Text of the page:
Track number 7, called "Maeva", - which also is the concluding track of the Illusion section - is the only one I think is a truly successful entry in the majority section, with a tender quality and a nice hook for chorus. Beside the awesome vocal and harmonic climax of "Aurora", the only secondary islands of solace the release is capable to offer when flatting around in tepid agony, are brief solo guitar contributions here and there, moments by which Marty Friedman - ex-Megadeth - showcases his most recent fascinations on yet another set of exotic scales. The solos are OK, yes, - nothing that rewires my mind though - but their surroundings remain pale reminders of what this music probably sought to be before its creators decided to (mimick to) get satisfied with the act of establishing second-tier compositional efforts and shameless/weightless production wizardry - conceptionless copy-paste djenting - as its defining "values". The clean vocal delivery is particularly annoying, - the screams are legit in the latter section - though I must confess if you force me to choose between death by napalm and James LaBrie's emotional singing, I pick death by napalm anytime. Saved for its superb climax lasting for 12 minutes, a pretty enervated record.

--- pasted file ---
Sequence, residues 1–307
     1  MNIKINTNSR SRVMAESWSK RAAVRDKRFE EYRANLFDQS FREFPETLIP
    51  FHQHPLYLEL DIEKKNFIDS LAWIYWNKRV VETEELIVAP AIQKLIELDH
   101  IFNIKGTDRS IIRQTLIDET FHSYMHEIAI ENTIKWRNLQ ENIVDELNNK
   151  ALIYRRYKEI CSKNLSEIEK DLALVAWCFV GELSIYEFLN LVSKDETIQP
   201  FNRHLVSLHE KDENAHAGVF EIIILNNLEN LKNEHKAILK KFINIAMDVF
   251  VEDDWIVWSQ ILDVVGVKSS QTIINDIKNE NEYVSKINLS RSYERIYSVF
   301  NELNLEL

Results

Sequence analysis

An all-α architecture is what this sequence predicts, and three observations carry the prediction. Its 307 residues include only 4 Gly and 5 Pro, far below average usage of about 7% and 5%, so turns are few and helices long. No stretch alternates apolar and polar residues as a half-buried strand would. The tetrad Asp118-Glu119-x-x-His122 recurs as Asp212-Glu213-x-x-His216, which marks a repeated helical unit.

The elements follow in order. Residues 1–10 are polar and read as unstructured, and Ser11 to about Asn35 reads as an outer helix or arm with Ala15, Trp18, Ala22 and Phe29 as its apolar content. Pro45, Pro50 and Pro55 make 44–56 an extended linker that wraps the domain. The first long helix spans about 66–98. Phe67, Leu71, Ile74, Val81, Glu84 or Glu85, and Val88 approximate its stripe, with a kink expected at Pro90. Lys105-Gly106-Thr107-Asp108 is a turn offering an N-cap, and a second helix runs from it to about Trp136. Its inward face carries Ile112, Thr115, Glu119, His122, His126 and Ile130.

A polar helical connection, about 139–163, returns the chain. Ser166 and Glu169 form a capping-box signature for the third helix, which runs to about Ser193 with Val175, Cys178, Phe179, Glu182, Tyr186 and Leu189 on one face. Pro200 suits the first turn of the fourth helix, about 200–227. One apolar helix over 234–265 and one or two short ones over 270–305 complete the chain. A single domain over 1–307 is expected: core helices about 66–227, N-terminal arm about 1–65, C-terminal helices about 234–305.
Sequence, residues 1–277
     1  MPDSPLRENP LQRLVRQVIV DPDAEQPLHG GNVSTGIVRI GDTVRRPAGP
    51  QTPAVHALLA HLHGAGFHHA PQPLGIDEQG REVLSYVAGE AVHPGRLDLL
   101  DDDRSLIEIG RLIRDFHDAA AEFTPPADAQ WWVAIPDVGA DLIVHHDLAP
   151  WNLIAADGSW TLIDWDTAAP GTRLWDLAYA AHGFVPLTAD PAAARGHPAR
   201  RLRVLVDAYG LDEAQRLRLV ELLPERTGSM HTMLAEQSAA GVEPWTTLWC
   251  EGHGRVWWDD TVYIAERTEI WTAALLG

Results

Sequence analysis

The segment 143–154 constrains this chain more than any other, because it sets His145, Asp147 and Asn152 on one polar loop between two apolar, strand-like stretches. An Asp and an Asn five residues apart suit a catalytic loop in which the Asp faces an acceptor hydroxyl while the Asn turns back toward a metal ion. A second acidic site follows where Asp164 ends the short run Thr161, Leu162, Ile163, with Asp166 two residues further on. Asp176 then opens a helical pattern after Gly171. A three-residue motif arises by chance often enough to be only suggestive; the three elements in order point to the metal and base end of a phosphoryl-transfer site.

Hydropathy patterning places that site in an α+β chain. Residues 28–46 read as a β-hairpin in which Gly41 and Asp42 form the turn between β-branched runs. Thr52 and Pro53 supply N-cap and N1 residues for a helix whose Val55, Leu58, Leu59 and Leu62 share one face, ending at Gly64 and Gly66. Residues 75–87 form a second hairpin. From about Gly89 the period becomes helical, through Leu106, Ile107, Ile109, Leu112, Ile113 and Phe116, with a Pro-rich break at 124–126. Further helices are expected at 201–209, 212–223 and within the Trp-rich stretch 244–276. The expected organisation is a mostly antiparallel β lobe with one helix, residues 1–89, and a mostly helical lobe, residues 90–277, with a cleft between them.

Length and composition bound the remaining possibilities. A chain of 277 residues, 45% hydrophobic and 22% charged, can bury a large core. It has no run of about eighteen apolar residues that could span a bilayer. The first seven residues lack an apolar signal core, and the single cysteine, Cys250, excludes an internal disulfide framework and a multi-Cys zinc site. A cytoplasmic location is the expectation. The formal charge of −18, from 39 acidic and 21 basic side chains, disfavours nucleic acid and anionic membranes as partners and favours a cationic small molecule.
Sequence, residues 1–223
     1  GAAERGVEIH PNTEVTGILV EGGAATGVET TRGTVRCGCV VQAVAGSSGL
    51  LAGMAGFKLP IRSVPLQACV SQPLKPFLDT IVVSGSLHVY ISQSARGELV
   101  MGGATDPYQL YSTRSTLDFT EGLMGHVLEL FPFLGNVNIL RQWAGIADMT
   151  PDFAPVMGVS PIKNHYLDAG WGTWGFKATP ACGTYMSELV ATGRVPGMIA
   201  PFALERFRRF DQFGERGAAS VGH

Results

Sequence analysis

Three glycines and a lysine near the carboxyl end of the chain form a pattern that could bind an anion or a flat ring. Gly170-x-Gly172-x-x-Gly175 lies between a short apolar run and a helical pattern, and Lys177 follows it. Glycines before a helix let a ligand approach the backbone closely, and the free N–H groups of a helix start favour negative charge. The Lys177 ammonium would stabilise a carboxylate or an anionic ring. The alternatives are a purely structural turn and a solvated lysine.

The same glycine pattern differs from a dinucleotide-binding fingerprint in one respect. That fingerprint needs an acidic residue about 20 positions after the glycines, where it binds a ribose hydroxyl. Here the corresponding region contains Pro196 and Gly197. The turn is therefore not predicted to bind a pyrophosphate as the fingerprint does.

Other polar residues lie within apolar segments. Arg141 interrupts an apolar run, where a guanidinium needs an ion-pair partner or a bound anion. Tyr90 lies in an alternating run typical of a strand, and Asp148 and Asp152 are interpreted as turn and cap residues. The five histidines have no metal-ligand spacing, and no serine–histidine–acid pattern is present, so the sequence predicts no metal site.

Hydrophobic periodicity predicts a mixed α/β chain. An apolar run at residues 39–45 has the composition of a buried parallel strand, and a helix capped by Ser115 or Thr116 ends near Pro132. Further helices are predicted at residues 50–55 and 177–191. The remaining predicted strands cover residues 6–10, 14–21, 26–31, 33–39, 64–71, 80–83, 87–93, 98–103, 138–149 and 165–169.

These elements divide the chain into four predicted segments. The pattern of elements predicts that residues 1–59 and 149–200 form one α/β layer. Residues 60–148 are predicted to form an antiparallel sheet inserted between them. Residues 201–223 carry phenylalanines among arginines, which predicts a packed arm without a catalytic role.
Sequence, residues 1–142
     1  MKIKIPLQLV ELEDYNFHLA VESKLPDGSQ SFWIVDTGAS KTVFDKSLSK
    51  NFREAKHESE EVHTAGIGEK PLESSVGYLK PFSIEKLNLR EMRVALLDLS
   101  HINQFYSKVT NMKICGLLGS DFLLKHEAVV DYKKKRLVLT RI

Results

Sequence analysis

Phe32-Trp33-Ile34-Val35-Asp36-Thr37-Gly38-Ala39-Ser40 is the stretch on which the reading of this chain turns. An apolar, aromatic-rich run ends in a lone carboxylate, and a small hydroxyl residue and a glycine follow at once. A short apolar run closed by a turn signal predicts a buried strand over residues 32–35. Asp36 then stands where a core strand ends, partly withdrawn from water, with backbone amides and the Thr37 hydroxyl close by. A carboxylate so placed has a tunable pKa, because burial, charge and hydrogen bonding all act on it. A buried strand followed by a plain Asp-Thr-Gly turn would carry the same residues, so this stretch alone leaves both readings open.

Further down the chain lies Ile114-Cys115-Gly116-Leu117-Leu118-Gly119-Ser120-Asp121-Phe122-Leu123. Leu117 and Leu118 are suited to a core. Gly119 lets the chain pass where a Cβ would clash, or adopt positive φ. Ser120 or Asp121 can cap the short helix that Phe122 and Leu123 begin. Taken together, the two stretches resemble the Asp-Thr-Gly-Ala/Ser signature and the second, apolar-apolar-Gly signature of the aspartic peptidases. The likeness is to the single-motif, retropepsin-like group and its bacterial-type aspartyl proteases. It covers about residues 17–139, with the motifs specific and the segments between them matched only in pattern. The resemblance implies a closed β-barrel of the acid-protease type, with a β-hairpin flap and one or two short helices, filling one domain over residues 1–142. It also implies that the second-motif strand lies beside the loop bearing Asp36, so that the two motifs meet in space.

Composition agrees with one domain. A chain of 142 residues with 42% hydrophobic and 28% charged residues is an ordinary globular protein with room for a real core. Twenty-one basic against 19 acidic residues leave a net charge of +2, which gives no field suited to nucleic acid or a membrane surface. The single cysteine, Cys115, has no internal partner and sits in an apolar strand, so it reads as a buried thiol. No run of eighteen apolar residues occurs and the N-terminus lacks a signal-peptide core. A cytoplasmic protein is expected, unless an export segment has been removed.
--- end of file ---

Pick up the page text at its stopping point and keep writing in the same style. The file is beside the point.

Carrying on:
Rating : 4.5 / 10
If you want, check out my music
and / or
Buy me beer.
Click !HERE! to unleash the Alphabetic Content Selector Feature!
2004 (1) 2010 (6) 2011 (110) 2012 (137) 2013 (48) alternative metal (16) alternative rock (12) AM Music (1) Australia (9) avant-garde (4) Belgium (1) black metal (19) blackened death (1) blackened sludge (1) blues rock (5) Canada (11) Candlelight (3) Century Media (10) compilation (3) country (6) Cruz Del Sur Music (2) cyber (3) cyber metal (1) death metal (22) deathcore (5) djent (20) doom metal (14) EP (13) experimental (65) Finland (10) Frontiers Records (3) Germany (16) gothic (3) groove (4) groove metal (18) hard rock (9) hardcore (3) heavy metal (7) hip hop (34) independent (46) industrial (7) instrumental (15) Italy (8) Listenable Records (2) Massacre Records (2) math metal (4) melodic death metal (6) meshuggah metal (6) Metal Blade Records (6) metalcore (8) NoiseArt Records (2) Nuclear Blast Records (11) penis metal (2) pop (15) power metal (20) progressive (7) progressive metal (20) progressive rock (9) psychedelic (19) punk (5) records (6) relapse (6) review (357) RoadRunner Records (13) Russia (2) Scotland (1) Season of Mist (3) shoegaze (8) sludge (11) soft rock (22) Southern (3) Southern Lord (2) southern rock (2) stoner rock (6) Sumerian Records (3) Super Retro Thrash (2) Sweden (15) Switzerland (3) Symphonic (4) technical (4) technical death metal (5) thrash (8) thrash death hybrid (4) thrash metal (24) United Kingdom (29) United States (176)